Summary: A look at why Abel’s sacrifice was better than Cain’s.
In 1944, Hallmark adopted the slogan “When you care enough to send the very best.”
Adam lay with his wife Eve, and she became pregnant and gave birth to Cain. She said, "With the help of the LORD I have brought forth a man." Later she gave birth to his brother Abel. Now Abel kept flocks, and Cain worked the soil. In the course of time Cain brought some of the fruits of the soil as an offering to the LORD. But Abel brought fat portions from some of the firstborn of his flock. The LORD looked with favor on Abel and his offering, but on Cain and his offering he did not look with favor.
Genesis 4:1-5 (NIV)
Why did God look with favor on Abel’s sacrifice, but not on Cain’s?
o The nature of the gift
Cain’s offering was not a blood offering
Based on verses like these:
For the life of a creature is in the blood, and I have given it to you to make atonement for yourselves on the altar; it is the blood that makes atonement for one’s life.
Leviticus 17:11 (NIV)
In fact, the law requires that nearly everything be cleansed with blood, and without the shedding of blood there is no forgiveness.
Hebrews 9:22 (NIV)
God had not yet instituted sacrificial system.
Seems to be more of a thanksgiving offering than a sin offering.
Grain offerings were specifically allowed in the Book of Leviticus.
The Bible is clear that true worship is a matter of the heart, not a matter of form:
"The multitude of your sacrifices - what are they to me?" says the LORD. "I have more than enough of burnt offerings, of rams and the fat of fattened animals; I have no pleasure in the blood of bulls and lambs and goats.”
Isaiah 1:11 (NIV)
You do not delight in sacrifice, or I would bring it; you do not take pleasure in burnt offerings. The sacrifices of God are a broken spirit; a broken and contrite heart, O God, you will not despise.
Psalm 51:16-17 (NIV)
With what shall I come before the LORD and bow down before the exalted God? Shall I come before him with burnt offerings, with calves a year old? Will the LORD be pleased with thousands of rams, with ten thousand rivers of oil? Shall I offer my firstborn for my transgression, the fruit of my body for the sin of my soul? He has showed you, O man, what is good. And what does the LORD require of you? To act justly and to love mercy and to walk humbly with your God.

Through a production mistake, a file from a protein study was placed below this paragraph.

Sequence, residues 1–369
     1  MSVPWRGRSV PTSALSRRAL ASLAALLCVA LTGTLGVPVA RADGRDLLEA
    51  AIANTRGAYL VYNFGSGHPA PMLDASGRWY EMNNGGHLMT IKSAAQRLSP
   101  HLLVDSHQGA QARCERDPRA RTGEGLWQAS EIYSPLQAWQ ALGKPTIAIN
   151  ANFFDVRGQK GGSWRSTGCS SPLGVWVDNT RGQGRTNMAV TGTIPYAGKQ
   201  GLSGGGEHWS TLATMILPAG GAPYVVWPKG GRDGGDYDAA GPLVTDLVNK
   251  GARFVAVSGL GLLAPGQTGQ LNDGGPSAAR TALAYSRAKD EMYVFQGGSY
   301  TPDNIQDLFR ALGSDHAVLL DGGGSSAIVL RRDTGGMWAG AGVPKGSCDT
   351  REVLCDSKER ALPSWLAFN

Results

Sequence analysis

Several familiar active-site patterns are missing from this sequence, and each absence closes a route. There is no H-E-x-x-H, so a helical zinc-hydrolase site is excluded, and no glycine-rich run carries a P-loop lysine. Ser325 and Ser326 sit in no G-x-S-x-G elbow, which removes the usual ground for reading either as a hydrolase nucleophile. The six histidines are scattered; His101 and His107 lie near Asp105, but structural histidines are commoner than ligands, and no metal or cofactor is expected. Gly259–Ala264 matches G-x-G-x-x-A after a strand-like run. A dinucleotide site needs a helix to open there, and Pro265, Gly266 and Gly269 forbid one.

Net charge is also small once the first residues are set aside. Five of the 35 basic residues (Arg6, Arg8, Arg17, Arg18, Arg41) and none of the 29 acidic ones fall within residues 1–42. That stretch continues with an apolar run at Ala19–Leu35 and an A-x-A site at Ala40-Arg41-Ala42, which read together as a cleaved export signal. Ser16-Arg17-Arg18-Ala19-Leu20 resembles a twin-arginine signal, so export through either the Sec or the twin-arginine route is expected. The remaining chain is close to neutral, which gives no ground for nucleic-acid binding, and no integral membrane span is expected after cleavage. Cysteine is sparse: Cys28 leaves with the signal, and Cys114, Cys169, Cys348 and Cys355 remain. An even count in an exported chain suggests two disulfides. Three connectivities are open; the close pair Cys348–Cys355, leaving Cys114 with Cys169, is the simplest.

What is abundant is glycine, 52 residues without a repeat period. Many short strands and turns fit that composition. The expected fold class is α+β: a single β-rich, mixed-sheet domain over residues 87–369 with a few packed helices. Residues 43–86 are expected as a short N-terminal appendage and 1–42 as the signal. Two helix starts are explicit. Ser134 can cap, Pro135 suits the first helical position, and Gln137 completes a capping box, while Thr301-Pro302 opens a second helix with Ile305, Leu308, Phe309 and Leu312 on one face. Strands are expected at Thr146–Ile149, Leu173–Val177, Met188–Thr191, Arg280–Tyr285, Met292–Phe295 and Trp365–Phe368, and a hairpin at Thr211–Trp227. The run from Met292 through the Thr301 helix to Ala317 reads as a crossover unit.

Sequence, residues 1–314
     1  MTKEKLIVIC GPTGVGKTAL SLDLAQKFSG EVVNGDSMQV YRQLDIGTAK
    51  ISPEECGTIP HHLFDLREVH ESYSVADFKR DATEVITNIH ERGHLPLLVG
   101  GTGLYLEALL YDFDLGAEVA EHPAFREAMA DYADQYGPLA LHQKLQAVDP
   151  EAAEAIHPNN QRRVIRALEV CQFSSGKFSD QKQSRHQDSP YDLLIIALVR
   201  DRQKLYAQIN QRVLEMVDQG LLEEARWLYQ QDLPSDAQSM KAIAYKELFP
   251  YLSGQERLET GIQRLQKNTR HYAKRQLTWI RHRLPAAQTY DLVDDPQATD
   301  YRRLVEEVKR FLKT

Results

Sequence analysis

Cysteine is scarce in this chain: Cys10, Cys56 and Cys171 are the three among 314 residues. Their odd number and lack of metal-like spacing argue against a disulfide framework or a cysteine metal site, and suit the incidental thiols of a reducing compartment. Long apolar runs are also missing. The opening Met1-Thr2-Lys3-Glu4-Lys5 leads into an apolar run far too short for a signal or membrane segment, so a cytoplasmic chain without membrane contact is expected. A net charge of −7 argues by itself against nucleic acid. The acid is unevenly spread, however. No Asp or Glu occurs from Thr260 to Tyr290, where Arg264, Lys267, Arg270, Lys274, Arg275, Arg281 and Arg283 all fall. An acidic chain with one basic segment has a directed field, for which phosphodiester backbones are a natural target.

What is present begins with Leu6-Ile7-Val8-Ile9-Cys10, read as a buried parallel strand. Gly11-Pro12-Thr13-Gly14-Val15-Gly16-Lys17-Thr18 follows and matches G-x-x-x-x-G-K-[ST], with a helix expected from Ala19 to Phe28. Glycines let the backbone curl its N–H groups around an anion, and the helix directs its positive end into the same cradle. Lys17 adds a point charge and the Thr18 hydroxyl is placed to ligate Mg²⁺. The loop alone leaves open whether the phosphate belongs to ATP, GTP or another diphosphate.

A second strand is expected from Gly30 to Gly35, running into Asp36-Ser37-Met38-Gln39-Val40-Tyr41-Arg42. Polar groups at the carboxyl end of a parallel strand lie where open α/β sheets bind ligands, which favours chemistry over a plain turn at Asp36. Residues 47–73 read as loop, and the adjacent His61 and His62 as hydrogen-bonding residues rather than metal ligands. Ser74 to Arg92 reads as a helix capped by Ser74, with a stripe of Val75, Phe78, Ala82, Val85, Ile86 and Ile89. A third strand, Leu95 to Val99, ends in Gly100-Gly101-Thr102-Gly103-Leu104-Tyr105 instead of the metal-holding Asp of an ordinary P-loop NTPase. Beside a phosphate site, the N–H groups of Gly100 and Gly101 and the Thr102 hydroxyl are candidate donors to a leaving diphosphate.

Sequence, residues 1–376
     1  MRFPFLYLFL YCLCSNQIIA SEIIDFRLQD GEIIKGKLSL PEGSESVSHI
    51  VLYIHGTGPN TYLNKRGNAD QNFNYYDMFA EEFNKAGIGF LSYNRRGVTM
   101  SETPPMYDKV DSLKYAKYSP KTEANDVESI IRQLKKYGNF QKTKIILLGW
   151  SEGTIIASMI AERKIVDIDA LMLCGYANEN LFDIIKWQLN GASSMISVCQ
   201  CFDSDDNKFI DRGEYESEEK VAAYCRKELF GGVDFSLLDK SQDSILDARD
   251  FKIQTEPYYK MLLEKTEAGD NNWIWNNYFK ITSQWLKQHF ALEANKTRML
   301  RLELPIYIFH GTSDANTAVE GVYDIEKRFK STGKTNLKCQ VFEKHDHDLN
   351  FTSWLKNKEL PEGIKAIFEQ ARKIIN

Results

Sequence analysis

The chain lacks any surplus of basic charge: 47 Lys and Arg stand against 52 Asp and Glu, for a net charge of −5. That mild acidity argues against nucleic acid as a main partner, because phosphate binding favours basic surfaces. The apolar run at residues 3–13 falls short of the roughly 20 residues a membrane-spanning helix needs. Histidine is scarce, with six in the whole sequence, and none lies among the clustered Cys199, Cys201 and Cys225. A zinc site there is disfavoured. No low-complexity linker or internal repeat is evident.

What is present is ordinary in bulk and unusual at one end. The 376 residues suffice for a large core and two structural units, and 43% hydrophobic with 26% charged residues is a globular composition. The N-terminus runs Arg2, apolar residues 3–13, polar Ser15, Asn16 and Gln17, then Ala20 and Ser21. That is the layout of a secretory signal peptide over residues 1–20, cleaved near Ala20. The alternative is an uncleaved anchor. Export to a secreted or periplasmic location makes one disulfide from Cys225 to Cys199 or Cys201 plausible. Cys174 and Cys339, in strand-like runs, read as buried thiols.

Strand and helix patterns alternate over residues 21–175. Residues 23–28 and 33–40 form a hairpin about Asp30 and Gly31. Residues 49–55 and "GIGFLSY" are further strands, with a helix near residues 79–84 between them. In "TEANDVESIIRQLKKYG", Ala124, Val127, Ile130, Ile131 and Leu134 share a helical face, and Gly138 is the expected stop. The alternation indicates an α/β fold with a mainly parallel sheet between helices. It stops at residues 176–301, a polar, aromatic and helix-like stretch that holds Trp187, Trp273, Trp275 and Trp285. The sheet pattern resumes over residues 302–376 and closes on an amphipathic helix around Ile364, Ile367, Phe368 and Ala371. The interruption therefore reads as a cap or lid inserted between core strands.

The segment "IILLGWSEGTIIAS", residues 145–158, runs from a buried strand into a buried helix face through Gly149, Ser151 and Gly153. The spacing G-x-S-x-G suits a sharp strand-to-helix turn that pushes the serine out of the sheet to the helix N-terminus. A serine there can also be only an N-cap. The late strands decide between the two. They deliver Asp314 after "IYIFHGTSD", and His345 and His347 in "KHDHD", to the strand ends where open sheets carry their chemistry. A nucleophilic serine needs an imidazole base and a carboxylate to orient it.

Micah 6:6-8 (NIV)
o The quality of the gift
A little boy wanted $100 very badly. He prayed for weeks, but nothing happened. So, he decided to write a letter to God requesting $100.
When the postal authorities received the letter to "God, USA", they decided to send it to the President. The President was so amused that he instructed his secretary to send the little boy a $5 bill. The President thought this would appear to be a lot of money to a little boy.
The little boy was delighted with the $5 bill, and sat down to write a thank-you note to God. The postal authorities forwarded this letter on to the President, too.
"Dear God, Thank you very much for sending the money. However, I noticed that for some reason you sent it through Washington, D.C., and those guys deducted $95 in taxes!"
Abel brought the very best of his flocks
"Bring the best of the firstfruits of your soil to the house of the LORD your God...
Exodus 23:19 (NIV)
Honor the LORD with your wealth, with the firstfruits of all your crops;
Proverbs 3:9 (NIV)
Abel cared enough to send the very best to God.
Cain brought some of the fruits of the soil
It’s obvious that Cain did not care enough to send the very best. But the question I have to ask is this: “Is that the reason God rejected his sacrifice, or is this just the result of some deeper problem in Cain’s life?” Let’s pursue that idea in a little more depth:
o The character of the giver
Although the passage in Genesis doesn’t give us much help in determining why God accepted one sacrifice and rejected the other, let’s look carefully at the wording in verses 4 and 5:
The LORD looked with favor on Abel and his offering, but on Cain and his offering he did not look with favor.
Notice what the passage doesn’t say – God did not look with favor on Abel’s offering, he looked with favor on Abel and his offering. He did not reject Cain’s offering, he rejected Cain and his offering. So it appears on the surface that difference in the way God reacts to the two offerings is not based as much on the offerings themselves as on who brought the offerings.